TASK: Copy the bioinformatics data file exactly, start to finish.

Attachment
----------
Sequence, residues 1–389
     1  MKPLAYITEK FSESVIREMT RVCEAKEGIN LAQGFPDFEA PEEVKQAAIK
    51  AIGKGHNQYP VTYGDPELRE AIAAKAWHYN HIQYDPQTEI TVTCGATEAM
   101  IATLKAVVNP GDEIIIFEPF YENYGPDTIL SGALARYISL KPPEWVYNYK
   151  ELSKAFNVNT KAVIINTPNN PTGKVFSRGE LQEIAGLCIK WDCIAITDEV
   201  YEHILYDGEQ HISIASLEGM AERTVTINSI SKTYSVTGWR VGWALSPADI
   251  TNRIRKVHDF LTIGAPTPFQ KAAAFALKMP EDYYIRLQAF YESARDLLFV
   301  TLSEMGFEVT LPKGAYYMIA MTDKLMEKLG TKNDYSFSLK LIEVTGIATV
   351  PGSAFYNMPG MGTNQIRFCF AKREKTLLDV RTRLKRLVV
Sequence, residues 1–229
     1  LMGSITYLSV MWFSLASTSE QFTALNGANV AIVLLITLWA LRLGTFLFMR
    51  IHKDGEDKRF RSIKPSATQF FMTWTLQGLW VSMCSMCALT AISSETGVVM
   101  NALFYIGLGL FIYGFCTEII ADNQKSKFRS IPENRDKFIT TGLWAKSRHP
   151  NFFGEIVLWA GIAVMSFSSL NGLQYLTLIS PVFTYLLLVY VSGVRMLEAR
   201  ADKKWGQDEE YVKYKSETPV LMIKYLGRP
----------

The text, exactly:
Sequence, residues 1–389
     1  MKPLAYITEK FSESVIREMT RVCEAKEGIN LAQGFPDFEA PEEVKQAAIK
    51  AIGKGHNQYP VTYGDPELRE AIAAKAWHYN HIQYDPQTEI TVTCGATEAM
   101  IATLKAVVNP GDEIIIFEPF YENYGPDTIL SGALARYISL KPPEWVYNYK
   151  ELSKAFNVNT KAVIINTPNN PTGKVFSRGE LQEIAGLCIK WDCIAITDEV
   201  YEHILYDGEQ HISIASLEGM AERTVTINSI SKTYSVTGWR VGWALSPADI
   251  TNRIRKVHDF LTIGAPTPFQ KAAAFALKMP EDYYIRLQAF YESARDLLFV
   301  TLSEMGFEVT LPKGAYYMIA MTDKLMEKLG TKNDYSFSLK LIEVTGIATV
   351  PGSAFYNMPG MGTNQIRFCF AKREKTLLDV RTRLKRLVV
Sequence, residues 1–229
     1  LMGSITYLSV MWFSLASTSE QFTALNGANV AIVLLITLWA LRLGTFLFMR
    51  IHKDGEDKRF RSIKPSATQF FMTWTLQGLW VSMCSMCALT AISSETGVVM
   101  NALFYIGLGL FIYGFCTEII ADNQKSKFRS IPENRDKFIT TGLWAKSRHP
   151  NFFGEIVLWA GIAVMSFSSL NGLQYLTLIS PVFTYLLLVY VSGVRMLEAR
   201  ADKKWGQDEE YVKYKSETPV LMIKYLGRP